“I had hoped that maybe we could push her to explore this shidduch that Zahava suggested. I heard some wonderful things about this person…”
“How successful do you think we can be at pushing Ariella into something, if she insists on turning her head to the other side each time the topic is brought up?”
“Not too successful…” Irit was close to tears. “But that doesn’t mean we have to lose hope!”
“If you ask me, I think that the trip to Acco is a ray of hope. Some type of movement, a change, so that she’s not just sitting at home, depressed in her little place… She hasn’t been looking or sounding good these past few days…” Yigal fiddled with the window blinds. “Do you agree?”
“Okay, so let’s say she goes to Acco. How is she going to start looking for Osher there? How will she find out more about Reiness? Is she going to go knocking on people’s doors, or what?”
“You’re worried about Ariella? Queen of improvisations and creative solutions? You think she can’t figure out a simple way to find out where Osher is? She has an exact address and everything she needs!”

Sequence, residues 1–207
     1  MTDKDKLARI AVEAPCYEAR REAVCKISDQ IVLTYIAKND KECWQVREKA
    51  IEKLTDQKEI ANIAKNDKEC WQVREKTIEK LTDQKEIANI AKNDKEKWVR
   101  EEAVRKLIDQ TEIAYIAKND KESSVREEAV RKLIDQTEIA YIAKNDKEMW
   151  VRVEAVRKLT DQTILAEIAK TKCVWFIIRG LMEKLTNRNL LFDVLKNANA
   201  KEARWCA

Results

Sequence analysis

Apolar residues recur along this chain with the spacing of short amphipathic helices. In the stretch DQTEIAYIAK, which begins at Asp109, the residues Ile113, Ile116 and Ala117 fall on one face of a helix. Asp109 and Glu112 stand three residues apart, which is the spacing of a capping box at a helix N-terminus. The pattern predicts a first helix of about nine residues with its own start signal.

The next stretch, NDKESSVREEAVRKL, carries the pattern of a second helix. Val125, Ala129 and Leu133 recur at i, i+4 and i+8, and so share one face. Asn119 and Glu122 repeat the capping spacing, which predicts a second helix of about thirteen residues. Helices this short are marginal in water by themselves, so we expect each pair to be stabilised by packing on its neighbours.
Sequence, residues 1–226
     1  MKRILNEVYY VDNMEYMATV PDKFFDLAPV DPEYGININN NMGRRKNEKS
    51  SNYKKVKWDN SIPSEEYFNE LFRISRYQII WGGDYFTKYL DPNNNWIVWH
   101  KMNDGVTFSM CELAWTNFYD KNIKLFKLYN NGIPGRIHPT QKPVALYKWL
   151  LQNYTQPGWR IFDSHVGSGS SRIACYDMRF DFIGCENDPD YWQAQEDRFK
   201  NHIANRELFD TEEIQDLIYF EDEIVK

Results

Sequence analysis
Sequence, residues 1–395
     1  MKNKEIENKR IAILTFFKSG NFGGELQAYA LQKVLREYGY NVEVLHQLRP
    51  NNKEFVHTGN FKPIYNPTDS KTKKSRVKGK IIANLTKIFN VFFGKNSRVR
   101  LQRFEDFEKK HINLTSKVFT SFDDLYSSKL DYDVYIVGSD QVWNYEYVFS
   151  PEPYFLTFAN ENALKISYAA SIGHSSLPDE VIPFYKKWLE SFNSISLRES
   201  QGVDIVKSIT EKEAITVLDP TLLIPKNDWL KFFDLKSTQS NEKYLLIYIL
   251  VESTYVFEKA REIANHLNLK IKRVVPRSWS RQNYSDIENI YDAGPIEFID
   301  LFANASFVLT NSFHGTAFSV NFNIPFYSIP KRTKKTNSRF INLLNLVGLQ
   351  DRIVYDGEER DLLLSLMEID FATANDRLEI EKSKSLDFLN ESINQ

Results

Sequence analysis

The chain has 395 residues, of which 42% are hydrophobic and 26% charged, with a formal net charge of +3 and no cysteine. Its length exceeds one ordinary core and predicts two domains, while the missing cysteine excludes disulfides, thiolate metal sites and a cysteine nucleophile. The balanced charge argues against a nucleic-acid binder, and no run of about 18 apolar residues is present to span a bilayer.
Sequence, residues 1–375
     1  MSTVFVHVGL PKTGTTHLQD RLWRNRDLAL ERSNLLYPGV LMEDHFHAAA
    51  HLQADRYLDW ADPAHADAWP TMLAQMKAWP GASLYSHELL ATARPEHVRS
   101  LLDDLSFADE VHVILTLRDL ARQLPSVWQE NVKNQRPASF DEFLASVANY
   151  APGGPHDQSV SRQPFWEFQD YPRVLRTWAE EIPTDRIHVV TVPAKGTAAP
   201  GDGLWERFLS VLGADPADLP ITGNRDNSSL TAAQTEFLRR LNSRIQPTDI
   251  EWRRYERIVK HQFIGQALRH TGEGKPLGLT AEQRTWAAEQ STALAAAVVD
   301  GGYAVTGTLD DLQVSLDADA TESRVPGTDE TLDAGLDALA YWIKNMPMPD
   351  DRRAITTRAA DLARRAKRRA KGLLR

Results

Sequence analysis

“It’s still complicated.”
“Not for her. Her brain is wired differently than ours. We’ve established that long ago. I think she was about seven at the time.”
“She was five,” Irit corrected her husband. “The kindergarten teacher called me to come and see how Ariella had made a huge orange out of an oak-tag and filled it with orange crepe paper. She didn’t have patience to sit and tear the paper and crunch it up like everyone else did. So what did she do? She spilled glue onto the orange, took the entire huge piece of crepe paper that she received, rolled it into a tube, and stuck it in the middle of the orange.”
“Then she made cuts with a scissor, and she got ribbons of crepe all around. I remember that orange. I think we still have it stored away someplace.”
“It was here until Ariella made Osher a jellyfish costume when he was six. The ‘orange’ was part of the hat, with the help of some white spray paint.” Irit smiled at the memory.
Yigal smiled, too. “The point is, I think we can trust Ariella with this. She’ll know what to do. She’ll get the job done.”